McAdam: Sanchez impacted Sox' approach


McAdam: Sanchez impacted Sox' approach

When the Red Sox signed Ryan Dempster to a two-year deal worth 26.5 million, a lot of fans rolled their eyes or vocally condemned the move as an overly-generous package.

Sean McAdam says the Red Sox approach was dictated by players like Anibel Sanchez, who just agreed to a five-year deal with the Tigers worth 80 million.

The Red Sox got the impression that Sanchez was looking for four or five years in his next contract and the team just wasn't willing to go that high. With Dempster willing to go two years, the Sox saw him as the top pitcher in a very limited pool of pitchers who were willing to take a short-term contract. With their extra spending money, they decided it was worth the extra money to lock up a pitcher who wouldn't require a long-term deal.

Now that Dempster is on board, giving the Red Sox the reliable veteran arm they've been looking for, McAdam doesn't see the Sox doing anything flashy for the rest of the off-season unless something comes up on the trade market for Jacoby Ellsbury. McAdam says the return in an Ellsbury trade would need to be significant - along the lines of the Cliff Lee offer that floated around recently.

So what's left to do?

McAdam identifies a few depth options the Sox should address:
- A first baseman, preferably left-handed
- Someone who can push Jose Iglesias at shortstop
- One or two starting pitchers who offer depth - the kind of players who could be stashed at Triple-A until an injury pops up

A word of caution: This outlook for the remainder of the off-season is contingent on the Mike Napoli deal being completed. If that deal falls through, the Red Sox will have a lot more they need to accomplish before spring training starts.

Will the Harris signing mean more time on the edge for Hightower?

Will the Harris signing mean more time on the edge for Hightower?

David Harris is expected to be a savvy middle linebacker who will line up his teammates when they help. He's expected to provide some level of leadership, even in his first year in New England, as an accomplished-but-hungry 33-year-old who has not yet reached a Super Bowl. 

What Harris is not expected to do is improve the Patriots pass-rush. He was in on one sack in 900 snaps last season.  

But in a roundabout way he might. 

MORE: How does Derek Carr's new deal impact Jimmy Garoppolo?

There are dominos to fall now that Harris has been added to Bill Belichick and Matt Patricia's defense. How much will Harris play, and whose playing time will he cut into? Those questions don't yet have answers, but one of the more intriguing elements of the Harris acquisition is how he will benefit Dont'a Hightower's game.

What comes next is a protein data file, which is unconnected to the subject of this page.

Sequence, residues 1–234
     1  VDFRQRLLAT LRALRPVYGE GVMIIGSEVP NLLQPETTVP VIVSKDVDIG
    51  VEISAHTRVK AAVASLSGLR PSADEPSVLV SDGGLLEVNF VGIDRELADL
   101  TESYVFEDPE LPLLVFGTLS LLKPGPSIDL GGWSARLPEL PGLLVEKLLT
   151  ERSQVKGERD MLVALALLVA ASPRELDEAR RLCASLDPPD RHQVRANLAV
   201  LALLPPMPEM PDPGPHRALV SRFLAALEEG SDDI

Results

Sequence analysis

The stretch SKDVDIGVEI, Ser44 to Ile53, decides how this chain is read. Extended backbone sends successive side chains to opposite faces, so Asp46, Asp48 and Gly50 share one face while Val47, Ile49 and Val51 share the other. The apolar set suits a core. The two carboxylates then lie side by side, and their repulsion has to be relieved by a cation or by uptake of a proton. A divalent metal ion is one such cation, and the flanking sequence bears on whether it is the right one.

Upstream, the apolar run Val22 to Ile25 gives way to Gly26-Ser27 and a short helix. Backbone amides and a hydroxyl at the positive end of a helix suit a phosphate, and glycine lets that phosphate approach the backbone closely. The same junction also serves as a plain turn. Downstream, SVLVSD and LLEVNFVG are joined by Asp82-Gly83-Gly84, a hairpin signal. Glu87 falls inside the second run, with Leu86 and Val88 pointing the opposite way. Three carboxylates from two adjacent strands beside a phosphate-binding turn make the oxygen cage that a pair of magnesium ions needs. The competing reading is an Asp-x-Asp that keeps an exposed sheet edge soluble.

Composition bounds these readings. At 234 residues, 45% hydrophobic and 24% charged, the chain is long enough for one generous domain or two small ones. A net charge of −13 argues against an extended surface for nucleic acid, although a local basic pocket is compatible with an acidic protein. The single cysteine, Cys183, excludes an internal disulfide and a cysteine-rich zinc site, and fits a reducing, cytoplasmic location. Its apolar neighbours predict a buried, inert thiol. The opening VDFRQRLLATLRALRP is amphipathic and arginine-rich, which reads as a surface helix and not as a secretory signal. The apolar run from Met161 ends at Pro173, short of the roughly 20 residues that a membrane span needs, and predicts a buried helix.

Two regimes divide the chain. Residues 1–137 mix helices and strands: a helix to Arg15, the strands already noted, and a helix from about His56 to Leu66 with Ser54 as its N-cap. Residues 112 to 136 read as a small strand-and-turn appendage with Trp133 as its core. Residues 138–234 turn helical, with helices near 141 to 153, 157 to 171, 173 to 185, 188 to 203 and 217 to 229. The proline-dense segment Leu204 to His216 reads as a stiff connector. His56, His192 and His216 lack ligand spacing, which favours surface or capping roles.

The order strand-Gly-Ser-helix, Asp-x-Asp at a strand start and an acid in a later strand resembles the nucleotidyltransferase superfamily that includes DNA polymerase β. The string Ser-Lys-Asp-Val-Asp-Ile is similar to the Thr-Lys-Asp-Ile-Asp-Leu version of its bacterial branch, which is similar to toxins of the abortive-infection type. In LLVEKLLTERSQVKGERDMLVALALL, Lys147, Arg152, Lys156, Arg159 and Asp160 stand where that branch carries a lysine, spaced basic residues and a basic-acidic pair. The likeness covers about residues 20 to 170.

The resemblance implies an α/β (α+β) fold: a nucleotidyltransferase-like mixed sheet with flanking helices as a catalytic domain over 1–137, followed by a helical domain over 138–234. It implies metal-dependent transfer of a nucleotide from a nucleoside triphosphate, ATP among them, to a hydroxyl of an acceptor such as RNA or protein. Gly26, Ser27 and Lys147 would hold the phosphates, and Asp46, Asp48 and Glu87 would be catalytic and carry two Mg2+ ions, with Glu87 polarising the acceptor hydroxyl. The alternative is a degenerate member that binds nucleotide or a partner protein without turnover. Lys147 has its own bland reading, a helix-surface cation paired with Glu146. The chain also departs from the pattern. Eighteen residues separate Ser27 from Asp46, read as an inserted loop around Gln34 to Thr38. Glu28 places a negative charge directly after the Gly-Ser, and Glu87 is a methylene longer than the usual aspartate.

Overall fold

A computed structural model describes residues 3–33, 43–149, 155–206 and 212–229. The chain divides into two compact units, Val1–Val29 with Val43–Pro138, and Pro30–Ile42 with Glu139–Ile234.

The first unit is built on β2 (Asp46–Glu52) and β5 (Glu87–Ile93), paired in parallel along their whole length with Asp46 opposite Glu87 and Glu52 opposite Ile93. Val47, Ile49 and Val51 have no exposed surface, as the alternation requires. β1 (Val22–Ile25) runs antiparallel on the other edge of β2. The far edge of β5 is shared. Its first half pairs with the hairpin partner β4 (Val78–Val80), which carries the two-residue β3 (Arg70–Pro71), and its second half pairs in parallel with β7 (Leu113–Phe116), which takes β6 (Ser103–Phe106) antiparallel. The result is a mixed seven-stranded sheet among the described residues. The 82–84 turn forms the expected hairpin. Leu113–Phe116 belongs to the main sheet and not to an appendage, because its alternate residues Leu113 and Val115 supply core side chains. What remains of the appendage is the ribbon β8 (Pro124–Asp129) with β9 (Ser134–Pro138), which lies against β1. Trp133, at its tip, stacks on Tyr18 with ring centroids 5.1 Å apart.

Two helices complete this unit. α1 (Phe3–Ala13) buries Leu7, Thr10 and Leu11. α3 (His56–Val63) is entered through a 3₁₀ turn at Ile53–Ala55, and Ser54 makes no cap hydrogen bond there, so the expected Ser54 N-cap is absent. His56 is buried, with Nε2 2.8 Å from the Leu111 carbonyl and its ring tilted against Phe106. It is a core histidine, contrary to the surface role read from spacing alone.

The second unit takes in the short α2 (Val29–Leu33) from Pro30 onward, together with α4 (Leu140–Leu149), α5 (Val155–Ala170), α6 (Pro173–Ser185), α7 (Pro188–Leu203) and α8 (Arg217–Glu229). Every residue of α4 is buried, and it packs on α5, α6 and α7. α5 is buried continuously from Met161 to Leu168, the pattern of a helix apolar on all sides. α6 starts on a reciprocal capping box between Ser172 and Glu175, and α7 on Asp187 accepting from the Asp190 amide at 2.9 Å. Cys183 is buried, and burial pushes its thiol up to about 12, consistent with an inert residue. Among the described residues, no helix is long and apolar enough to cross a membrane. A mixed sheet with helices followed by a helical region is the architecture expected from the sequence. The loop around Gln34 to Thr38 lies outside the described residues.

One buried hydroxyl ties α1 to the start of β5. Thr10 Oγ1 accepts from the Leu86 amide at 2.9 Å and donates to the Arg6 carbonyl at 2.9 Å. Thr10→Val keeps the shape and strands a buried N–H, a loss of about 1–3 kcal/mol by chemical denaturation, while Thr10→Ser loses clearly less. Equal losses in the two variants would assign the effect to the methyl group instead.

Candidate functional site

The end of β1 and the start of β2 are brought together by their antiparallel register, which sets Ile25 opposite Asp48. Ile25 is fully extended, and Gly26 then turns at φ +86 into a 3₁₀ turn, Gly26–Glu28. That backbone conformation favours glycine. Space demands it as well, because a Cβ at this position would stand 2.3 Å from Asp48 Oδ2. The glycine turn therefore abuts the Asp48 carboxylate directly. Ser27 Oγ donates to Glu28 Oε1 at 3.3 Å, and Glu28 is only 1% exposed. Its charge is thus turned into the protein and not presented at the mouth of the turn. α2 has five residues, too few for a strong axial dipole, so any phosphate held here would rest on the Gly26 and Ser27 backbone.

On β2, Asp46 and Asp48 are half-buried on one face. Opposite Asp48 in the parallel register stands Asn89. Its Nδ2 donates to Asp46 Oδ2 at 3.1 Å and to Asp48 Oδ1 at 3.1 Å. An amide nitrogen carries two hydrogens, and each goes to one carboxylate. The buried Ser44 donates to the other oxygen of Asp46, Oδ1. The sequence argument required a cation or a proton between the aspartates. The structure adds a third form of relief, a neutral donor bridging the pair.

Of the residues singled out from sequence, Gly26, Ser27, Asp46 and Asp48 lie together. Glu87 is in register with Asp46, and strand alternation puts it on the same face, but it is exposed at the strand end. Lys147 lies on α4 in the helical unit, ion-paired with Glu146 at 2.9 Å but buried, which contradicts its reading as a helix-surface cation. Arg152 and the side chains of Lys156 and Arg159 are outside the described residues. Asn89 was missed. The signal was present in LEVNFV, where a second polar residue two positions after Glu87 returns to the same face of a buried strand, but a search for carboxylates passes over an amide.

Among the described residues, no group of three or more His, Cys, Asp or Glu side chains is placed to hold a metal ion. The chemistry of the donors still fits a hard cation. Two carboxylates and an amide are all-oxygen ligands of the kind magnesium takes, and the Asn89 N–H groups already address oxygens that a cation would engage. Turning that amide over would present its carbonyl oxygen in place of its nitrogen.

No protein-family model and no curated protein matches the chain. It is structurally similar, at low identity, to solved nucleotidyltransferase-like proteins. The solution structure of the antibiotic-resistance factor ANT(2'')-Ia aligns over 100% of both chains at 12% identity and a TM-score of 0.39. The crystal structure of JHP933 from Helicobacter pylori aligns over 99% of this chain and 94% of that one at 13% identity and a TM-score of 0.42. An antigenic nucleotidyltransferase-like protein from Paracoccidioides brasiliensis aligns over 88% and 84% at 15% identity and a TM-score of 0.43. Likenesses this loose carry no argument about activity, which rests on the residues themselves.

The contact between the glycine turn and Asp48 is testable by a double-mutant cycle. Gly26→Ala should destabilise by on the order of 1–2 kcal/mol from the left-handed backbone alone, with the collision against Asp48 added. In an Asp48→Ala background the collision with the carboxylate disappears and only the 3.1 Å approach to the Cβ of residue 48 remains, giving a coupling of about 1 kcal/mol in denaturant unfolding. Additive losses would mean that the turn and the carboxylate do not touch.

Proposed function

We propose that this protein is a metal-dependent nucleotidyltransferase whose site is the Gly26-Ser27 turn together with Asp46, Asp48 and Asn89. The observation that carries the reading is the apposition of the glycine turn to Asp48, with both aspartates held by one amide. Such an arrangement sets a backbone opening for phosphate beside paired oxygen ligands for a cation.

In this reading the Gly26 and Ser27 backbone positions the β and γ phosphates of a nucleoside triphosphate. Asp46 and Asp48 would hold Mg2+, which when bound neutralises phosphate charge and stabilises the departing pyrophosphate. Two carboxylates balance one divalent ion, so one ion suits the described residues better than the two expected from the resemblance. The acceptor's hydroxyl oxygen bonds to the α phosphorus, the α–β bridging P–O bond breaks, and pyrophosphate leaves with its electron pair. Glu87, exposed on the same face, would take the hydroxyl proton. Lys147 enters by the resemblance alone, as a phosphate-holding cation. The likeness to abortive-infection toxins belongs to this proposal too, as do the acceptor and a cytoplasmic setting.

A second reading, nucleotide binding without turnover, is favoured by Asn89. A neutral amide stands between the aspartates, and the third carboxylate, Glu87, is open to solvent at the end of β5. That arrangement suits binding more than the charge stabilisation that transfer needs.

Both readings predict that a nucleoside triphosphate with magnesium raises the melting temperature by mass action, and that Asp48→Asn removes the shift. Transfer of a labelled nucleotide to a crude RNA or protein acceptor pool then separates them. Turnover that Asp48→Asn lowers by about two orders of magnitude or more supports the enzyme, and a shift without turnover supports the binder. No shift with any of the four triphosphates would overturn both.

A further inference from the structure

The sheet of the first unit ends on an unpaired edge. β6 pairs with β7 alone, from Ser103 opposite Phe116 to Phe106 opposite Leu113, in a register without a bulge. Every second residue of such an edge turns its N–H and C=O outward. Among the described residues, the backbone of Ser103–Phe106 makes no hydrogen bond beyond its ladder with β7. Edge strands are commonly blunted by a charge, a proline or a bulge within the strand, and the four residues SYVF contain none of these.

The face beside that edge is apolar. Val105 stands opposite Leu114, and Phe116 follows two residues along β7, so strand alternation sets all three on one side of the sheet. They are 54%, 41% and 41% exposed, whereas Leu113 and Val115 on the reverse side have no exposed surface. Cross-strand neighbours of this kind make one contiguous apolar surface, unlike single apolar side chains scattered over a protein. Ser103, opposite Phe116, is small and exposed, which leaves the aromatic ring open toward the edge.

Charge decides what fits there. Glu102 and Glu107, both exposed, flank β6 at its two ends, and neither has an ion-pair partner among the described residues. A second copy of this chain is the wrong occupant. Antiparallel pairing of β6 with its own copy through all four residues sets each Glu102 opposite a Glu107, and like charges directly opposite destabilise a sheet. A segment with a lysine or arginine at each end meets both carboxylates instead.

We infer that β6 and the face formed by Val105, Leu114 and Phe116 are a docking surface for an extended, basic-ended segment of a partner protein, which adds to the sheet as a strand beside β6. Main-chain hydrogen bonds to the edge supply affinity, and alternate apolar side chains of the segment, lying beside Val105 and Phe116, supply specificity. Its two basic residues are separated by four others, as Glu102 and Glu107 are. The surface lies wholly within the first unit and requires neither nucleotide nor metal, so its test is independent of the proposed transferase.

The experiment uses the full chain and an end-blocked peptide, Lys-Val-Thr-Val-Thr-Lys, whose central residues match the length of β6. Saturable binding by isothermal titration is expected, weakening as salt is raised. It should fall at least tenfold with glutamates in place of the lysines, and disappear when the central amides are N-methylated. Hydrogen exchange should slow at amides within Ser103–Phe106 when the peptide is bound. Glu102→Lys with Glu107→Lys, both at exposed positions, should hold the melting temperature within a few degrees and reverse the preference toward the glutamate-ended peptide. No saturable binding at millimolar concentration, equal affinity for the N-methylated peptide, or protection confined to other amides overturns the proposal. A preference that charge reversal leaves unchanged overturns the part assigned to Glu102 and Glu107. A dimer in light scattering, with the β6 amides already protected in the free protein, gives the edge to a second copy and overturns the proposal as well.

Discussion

If Harris can pick up the Patriots defense quickly -- and all indications are that there should be few issues there -- he could take some of the all-important communication responsibilities off of Hightower's shoulders. 

Ever since taking the reins from Jerod Mayo as the team's signal-caller, Hightower has had to be on top of all requisite pre-snap checks and last-second alignment changes. It's a critical role, and one that Hightower performs well, but those duties place some added stress on the player wearing the green dot. Perhaps if part of that load can be heaped onto Harris' plate, that might allow Hightower to feel as though he's been freed up to focus on his individual assignments.

Harris' presence might also impact where on the field Hightower is used. Hightower may be the most versatile piece on a Patriots defense loaded with them, but with Harris in the middle, Hightower could end up playing more on the edge, where he's proven he can make a major impact (see: Super Bowl LI).

For Belichick and his staff, having the ability to use one of their best pass-rushers -- and one of the most efficient rushers league-wide, per Pro Football Focus -- on the edge more frequently has to be an enticing byproduct of the move to sign Harris. Especially since there are some question marks among the team's end-of-the-line defenders behind Trey Flowers and Rob Ninkovich. 

We'll have to wait for training camp before we have an idea of how exactly Harris fits in with the Patriots defense. But the effect he'll have on his new teammates, and Hightower in particular, will be fascinating to track.